Saturday, December 8, 2012
Dancing in Elevators
We kicked some options around and decided it might be fun to take some plastic animals out and leave them in odd places around the neighborhood. If you can't see why that seemed like a good idea, you're clearly a healthy, well-balanced person but you should probably stop reading now.
Of course, Tori is my youngest child and she's sixteen, so we didn't have any plastic animals at the ready. That wasn't a problem, though. In a small, midwestern town the ONE thing that's open after midnight is Wal-Mart. I try not to shop there, but I figured that a few bucks in plastic animals wasn't going to make or break the economy.
When we went into the store we were laughing about not "arousing suspicion" with our animal purchases and such, so we were both a bit taken aback when (possibly for the first time in all my years of shopping) the cashier commented on the oddity of our purchasing a bunch of plastic animals at 12:30 a.m. As if that weren't enough, she went on to tell me that her kids still played with those animals, "And, for some reason, they think it's hilarious to go around and leave them in people's..."
I swear, she paused. And during that pause I thought, "Wait, kids do this? This is not a unique idea? We're JUST LIKE THE CASHIER'S TEN-YEAR-OLD SON?"
Then she finished her sentence. "...beds and stuff."
She laughed. I laughed, too. "We're not going to do that," I said.
We walked quickly out of the store with our bag of plastic animals, trying not to laugh.
Though we were planning to distribute most of the animals in our neighborhood, we'd chosen a special one for a childhood friend of my daughter's. She lives in a quiet neighborhood but on a main street, so as we drove toward her house I said to Tori, "Probably the police are going to come to find out why we're prowling around Megan's neighborhood at this time of night."
She said, "Probably" and laughed and then we turned onto Megan's street and...the police were there.
I'm not going to give away all of the species and locations, but I will tell you that one of the animals we delivered was a plastic dinosaur. We left the dinosaur on the frame of a work truck, just over the driver's side door. We don't know the owner of the truck or anything about the residents of the house.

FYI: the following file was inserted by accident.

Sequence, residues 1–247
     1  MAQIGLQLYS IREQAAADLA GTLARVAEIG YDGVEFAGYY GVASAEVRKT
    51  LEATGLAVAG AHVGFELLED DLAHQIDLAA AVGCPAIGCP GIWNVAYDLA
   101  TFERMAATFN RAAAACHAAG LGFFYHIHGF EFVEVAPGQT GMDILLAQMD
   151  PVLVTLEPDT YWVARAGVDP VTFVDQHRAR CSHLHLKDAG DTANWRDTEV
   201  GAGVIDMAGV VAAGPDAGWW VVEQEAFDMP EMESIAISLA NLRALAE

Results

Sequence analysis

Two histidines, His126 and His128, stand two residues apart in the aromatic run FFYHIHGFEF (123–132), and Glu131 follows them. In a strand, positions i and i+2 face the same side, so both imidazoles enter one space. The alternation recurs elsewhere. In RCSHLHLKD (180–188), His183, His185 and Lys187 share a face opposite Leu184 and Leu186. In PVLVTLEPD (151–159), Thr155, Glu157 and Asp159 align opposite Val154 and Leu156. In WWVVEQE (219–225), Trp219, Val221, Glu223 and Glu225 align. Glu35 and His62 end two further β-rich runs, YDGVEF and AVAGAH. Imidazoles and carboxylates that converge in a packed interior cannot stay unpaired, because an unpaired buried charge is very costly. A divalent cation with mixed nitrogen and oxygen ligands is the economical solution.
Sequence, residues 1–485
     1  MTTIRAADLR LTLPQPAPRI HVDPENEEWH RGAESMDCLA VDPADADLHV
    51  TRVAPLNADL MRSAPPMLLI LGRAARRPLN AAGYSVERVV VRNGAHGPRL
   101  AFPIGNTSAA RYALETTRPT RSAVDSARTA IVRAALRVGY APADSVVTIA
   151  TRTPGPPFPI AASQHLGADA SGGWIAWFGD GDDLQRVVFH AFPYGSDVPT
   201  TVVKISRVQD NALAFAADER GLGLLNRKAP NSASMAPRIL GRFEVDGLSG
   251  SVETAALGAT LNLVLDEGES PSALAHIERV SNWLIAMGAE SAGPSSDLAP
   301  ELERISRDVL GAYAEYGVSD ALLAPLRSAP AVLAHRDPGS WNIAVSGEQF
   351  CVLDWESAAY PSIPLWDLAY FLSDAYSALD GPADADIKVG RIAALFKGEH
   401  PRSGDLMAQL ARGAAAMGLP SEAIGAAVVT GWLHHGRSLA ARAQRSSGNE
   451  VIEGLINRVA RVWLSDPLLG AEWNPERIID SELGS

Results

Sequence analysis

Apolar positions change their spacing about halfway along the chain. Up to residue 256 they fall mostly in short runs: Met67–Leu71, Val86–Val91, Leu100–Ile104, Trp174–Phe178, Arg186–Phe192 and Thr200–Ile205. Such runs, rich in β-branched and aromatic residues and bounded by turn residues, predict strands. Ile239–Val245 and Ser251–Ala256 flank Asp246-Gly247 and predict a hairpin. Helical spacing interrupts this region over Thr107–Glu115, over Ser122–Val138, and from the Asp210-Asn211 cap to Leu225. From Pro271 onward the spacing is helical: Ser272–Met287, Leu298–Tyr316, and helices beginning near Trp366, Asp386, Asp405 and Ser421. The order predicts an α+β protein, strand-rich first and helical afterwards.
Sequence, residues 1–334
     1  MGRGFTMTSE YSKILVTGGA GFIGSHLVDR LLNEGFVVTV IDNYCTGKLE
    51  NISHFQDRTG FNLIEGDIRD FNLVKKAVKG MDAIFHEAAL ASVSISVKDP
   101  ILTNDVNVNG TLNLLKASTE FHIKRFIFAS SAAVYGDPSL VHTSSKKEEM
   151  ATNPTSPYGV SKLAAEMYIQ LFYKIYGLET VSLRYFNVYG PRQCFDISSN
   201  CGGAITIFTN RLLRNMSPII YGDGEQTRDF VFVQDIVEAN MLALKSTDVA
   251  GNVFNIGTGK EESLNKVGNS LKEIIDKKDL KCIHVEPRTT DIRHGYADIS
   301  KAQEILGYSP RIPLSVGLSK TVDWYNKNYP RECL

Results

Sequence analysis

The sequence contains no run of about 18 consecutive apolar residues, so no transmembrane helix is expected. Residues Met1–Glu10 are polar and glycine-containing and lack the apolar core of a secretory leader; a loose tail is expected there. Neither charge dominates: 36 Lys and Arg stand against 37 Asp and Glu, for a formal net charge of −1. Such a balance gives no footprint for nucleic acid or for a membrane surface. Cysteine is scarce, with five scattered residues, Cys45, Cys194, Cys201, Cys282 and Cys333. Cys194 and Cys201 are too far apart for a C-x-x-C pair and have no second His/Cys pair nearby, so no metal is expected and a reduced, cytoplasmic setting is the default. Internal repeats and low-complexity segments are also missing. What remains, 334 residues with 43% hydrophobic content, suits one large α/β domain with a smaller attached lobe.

Or we didn't, anyway.
We finished the strategic placement of lions and giraffes and such in the late-night rain and headed home, amused with ourselves and not expecting ever to know what happened next.
The next evening, I took the dog for a walk as usual. On my way down the block, I noticed that the truck had been moved from the driveway to the street and there were two men talking in the driveway. I was absurdly self-conscious, walking by the house, as if they might look across the street and say, "That woman there, with the Yorkie! The one we've never seen before! Probably SHE put the dinosaur on the truck."
Or, of course, it was possible that the dinosaur had been stolen before he'd come out in the morning, or that he'd driven off without noticing it and it had fallen somewhere. I forced myself to walk at a normal pace, right on past, without looking toward the house. By the time we passed the house again on the way home, it was getting dark. A young man was walking toward us on the street and the dog barked at him and the barking caught the attention of the men in the driveway, who looked up and saw the young man and greeted him. I was delighted, because this directed their attention away from me and the imaginary, "Hey, me and my kid left a plastic dinosaur on your truck last night" sign over my head.
I kept walking west. The young man kept walking east. And just as he was about to pass out of range of the house, one of the men in the driveway called out to him, "Hey...you leave that dinosaur on my truck?"
It is, it turns out, possible to actually choke on laughter bitten back too hard. While I was coughing, the man on the sidewalk said, "What? Nah. It was probably Fred."